Plant Mitochondria

Abstract

Plant mitochondria, like the mitochondria of other eukaryotes, originated from an endosymbiotic event and have retained their own genome. Over a billion years of evolution, most mitochondrial genes are laterally transferred to the nucleus. Consequently, most proteins required for mitochondrial biogenesis and activity are synthesised in the cytosol and imported via specific protein import machineries. Mitochondria are energy‐generating organelles that via electron transfer chain (ETC), create a proton gradient and generate adenosine triphosphate (ATP), the energy chemical used by the cell for numerous biochemical reactions. Energy production can come at a cost as reactive oxygen species (ROS) are generated as by‐product. Plant mitochondria have alternative ETC pathways to regulate mitochondrial ROS (mtROS) through modulating the rate of redox reactions, proton gradient and ATP production. Although excessive ROS can damage cellular components and lead to programmed cell death, mtROS also play an important role as signalling molecules. mtROS are involved in nucleus–mitochondria communications (anterograde–retrograde signalling), mitochondrial autophagy (mitophagy) and play a role in the plant response to various environmental stimuli. Considering the pivotal roles of mitochondria in energy generation and cellular signalling, perturbation of mitochondrial biogenesis and activity renders plants to be more susceptible to various stresses and ultimately compromises plant growth, development and reproduction.

Key Concepts

  • Plant mitochondria are small (1–2 μm long) rod‐shaped organelle that undergo frequent fusion and fission events.
  • The plant mitochondrial inner membrane houses protein complexes involved in the electron transfer chain (ETC) that creates a proton‐motive gradient across the intermembrane space to drive the production of adenosine triphosphate (ATP) through ATP synthase.
  • The majority of plant mitochondrial proteins (approximately 2000) are encoded in the nuclear genome, whereas the plant mitochondrial genome contains around 50 genes encoding for ETC subunits, mitoribosomal translation machinery and transfer ribonucleic acids (tRNAs).
  • The abundance of mtROS produced by the ETC is proportionally linked with the efficiency and rate of electron transfer and ATP production.
  • Plant mitochondria have alternative ETC pathways to modulate ROS homeostasis, proton gradient and ATP production.
  • mtROS can damage mitochondrial macromolecules and ultimately organelle function but are also important signalling molecules in various pathways, including stress response and anterograde–retrograde signalling.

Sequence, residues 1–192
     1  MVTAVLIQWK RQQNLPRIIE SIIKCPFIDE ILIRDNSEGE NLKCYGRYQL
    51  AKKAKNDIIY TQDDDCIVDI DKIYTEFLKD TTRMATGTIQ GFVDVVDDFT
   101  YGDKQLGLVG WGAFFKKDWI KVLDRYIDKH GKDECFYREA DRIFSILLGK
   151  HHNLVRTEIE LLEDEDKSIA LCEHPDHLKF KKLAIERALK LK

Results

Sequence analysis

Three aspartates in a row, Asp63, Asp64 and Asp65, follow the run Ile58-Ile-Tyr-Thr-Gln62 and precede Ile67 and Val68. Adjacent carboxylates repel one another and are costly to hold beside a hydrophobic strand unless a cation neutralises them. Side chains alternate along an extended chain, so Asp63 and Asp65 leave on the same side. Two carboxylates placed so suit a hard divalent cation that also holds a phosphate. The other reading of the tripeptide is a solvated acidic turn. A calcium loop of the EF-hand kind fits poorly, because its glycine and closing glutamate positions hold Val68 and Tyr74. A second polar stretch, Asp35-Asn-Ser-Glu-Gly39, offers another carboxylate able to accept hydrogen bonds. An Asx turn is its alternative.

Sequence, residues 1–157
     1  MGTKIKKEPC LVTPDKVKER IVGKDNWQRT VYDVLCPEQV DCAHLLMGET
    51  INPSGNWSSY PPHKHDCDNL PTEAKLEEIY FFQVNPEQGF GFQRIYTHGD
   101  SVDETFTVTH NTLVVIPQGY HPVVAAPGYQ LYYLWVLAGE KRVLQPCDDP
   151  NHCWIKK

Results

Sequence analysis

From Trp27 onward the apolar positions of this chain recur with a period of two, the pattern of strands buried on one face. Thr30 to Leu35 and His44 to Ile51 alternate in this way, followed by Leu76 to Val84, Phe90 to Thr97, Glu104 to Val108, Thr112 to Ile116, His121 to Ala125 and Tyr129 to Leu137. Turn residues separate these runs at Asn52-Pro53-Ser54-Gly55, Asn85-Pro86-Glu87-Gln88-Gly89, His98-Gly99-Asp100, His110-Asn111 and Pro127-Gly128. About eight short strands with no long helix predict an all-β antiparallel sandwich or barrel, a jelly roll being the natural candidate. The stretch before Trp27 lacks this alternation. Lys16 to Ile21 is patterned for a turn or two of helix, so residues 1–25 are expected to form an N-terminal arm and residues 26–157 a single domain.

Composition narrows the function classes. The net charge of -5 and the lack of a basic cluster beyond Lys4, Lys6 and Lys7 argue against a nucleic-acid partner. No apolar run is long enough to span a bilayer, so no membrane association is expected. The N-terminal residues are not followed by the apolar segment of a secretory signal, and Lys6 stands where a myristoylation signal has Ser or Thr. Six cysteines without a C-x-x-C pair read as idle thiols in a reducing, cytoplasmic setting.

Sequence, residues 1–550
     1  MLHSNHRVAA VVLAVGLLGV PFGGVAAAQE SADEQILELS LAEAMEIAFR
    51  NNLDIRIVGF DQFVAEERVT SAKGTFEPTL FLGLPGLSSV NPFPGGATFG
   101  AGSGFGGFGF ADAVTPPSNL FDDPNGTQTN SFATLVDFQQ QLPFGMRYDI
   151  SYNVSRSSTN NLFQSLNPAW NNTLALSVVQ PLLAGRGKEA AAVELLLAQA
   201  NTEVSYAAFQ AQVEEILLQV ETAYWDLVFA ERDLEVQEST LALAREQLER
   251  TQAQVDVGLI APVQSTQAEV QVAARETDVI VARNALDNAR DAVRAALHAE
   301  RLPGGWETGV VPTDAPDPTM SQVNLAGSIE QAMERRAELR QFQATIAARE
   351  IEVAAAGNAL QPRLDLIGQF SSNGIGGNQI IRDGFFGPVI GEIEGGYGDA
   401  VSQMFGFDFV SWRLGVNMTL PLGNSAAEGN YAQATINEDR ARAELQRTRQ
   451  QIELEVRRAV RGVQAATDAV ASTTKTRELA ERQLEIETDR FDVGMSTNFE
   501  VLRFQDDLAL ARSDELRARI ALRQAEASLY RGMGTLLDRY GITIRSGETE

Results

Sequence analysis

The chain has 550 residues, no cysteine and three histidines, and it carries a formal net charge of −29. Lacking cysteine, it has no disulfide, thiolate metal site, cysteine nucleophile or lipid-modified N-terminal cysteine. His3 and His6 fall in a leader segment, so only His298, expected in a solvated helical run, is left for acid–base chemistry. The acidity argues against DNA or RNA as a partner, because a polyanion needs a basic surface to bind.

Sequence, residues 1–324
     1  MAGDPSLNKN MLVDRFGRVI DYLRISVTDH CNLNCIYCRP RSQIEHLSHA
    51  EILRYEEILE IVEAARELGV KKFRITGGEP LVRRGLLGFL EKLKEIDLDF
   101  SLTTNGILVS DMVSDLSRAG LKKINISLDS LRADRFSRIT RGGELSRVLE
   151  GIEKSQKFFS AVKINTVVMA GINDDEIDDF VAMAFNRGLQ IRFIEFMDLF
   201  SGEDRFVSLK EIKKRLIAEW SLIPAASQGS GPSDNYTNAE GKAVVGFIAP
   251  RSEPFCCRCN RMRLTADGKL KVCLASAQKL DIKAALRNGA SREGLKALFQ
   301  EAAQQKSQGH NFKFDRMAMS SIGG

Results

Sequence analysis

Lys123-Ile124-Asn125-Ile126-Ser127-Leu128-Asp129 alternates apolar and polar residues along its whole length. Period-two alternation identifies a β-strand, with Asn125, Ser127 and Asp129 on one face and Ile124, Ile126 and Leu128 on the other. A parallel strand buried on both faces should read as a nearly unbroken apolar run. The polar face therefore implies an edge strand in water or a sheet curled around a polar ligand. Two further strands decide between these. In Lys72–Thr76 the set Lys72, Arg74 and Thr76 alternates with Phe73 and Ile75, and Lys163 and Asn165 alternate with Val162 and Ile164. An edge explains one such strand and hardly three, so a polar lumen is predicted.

• The nucleus controls mitochondrial gene expression through anterograde signalling, yet the mitochondria can also influence nuclear gene expression through retrograde signalling.
  • Disrupted plant mitochondrial function often causes enhanced sensitivity to a number of stresses, disrupted pollen development in cytoplasmic male sterility and affects normal plant growth and development.

Keywords: anterograde and retrograde signalling; cytoplasmic male sterility; electron transfer chain; mitochondrial biogenesis; mitochondrial genome; mitochondrial homeostasis; mitochondrial import; mitophagy; plant mitochondria; reactive oxygen species; stress response

Figure 1. Structural organisation of mitochondria that mainly divided into six compartments: outer membrane, inner membrane, matrix, cristae, intermembrane space and intercristal space.
Figure 2. Plant mitochondrial electron transfer chain (ETC) in the inner membrane (IM). Complexes actively involved in the redox reactions and electron transfer are indicated in blue (Complex I–IV). ATP synthase (Complex V) consists of Fo and F1 units are shown in cyan. Plant‐specific alternative ETC pathways are shown in grey, which comprise of alternative oxidase (AOX) and NAD(P)H dehydrogenases (NDs). Electron (e) transfer is depicted as dashed lines and protons are pumped from the matrix (M) to the intermembrane (IMS) and intercristal spaces. Cyt c, cytochrome c; PUMP, plant uncoupling mitochondrial protein; TCA, tricarboxylic acid; UQ, ubiquinone.
Figure 3. Protein import pathways into plant mitochondria. Four major protein import pathways (dashed lines) for different types of protein from the cytosol (C) that all cross the translocase of outer membrane (TOM) complex. The general pathway (blue) describes the import of protein containing N‐terminal targeting peptide that uses the translocase of inner membrane (TIM17:23) complex and associated presequence‐assisted motor (PAM) complex into the matrix (M). The carrier import pathway (red) depicts the import of protein with internal targeting signal, mostly carrier proteins to the inner membrane via TIM22 gate. The sorting and assembly machinery (SAM) pathway is specifically for β‐barrel proteins targeted to the outer membrane (OM). Both carrier pathway and SAM pathway use small TIMs in assisting the translocation. The mitochondrial intermembrane space (IMS) assembly (MIA) pathway is used for translocating twin‐cysteine proteins into the IMS.
Figure 4. Intracellular communications within plant cell. The nucleus controls nuclear‐encoded mitochondrial gene expression (anterograde signalling), but mitochondria and chloroplasts influence nuclear gene expression through retrograde signalling, primarily by reactive oxygen species (ROS) and calcium ion (Ca2+). These signalling molecules may directly alter nuclear gene expression (red solid lines) or indirectly (blue dashed lines) through activation of redox sensors and post‐translational modifications by kinases (K) and phosphatases (P).
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Ghifari, Abi S, and Murcha, Monika W(Oct 2020) Plant Mitochondria. In: eLS. John Wiley & Sons Ltd, Chichester. http://www.els.net [doi: 10.1002/9780470015902.a0029217]